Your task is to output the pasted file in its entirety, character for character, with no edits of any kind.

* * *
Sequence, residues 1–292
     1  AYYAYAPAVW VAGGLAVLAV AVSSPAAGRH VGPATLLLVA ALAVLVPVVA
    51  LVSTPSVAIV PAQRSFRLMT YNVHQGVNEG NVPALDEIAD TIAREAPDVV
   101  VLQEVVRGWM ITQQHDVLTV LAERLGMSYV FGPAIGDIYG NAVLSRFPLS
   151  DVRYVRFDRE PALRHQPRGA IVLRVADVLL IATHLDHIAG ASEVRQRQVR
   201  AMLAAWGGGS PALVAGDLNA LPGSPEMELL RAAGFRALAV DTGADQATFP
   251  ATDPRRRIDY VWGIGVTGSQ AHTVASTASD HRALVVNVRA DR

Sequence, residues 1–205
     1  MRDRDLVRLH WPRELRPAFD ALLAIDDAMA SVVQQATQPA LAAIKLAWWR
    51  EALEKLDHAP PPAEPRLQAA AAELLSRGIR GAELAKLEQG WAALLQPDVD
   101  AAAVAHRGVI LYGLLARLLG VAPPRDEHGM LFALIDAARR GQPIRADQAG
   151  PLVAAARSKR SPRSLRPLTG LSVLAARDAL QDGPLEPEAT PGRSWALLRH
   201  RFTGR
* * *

Sequence, residues 1–292
     1  AYYAYAPAVW VAGGLAVLAV AVSSPAAGRH VGPATLLLVA ALAVLVPVVA
    51  LVSTPSVAIV PAQRSFRLMT YNVHQGVNEG NVPALDEIAD TIAREAPDVV
   101  VLQEVVRGWM ITQQHDVLTV LAERLGMSYV FGPAIGDIYG NAVLSRFPLS
   151  DVRYVRFDRE PALRHQPRGA IVLRVADVLL IATHLDHIAG ASEVRQRQVR
   201  AMLAAWGGGS PALVAGDLNA LPGSPEMELL RAAGFRALAV DTGADQATFP
   251  ATDPRRRIDY VWGIGVTGSQ AHTVASTASD HRALVVNVRA DR

Sequence, residues 1–205
     1  MRDRDLVRLH WPRELRPAFD ALLAIDDAMA SVVQQATQPA LAAIKLAWWR
    51  EALEKLDHAP PPAEPRLQAA AAELLSRGIR GAELAKLEQG WAALLQPDVD
   101  AAAVAHRGVI LYGLLARLLG VAPPRDEHGM LFALIDAARR GQPIRADQAG
   151  PLVAAARSKR SPRSLRPLTG LSVLAARDAL QDGPLEPEAT PGRSWALLRH
   201  RFTGR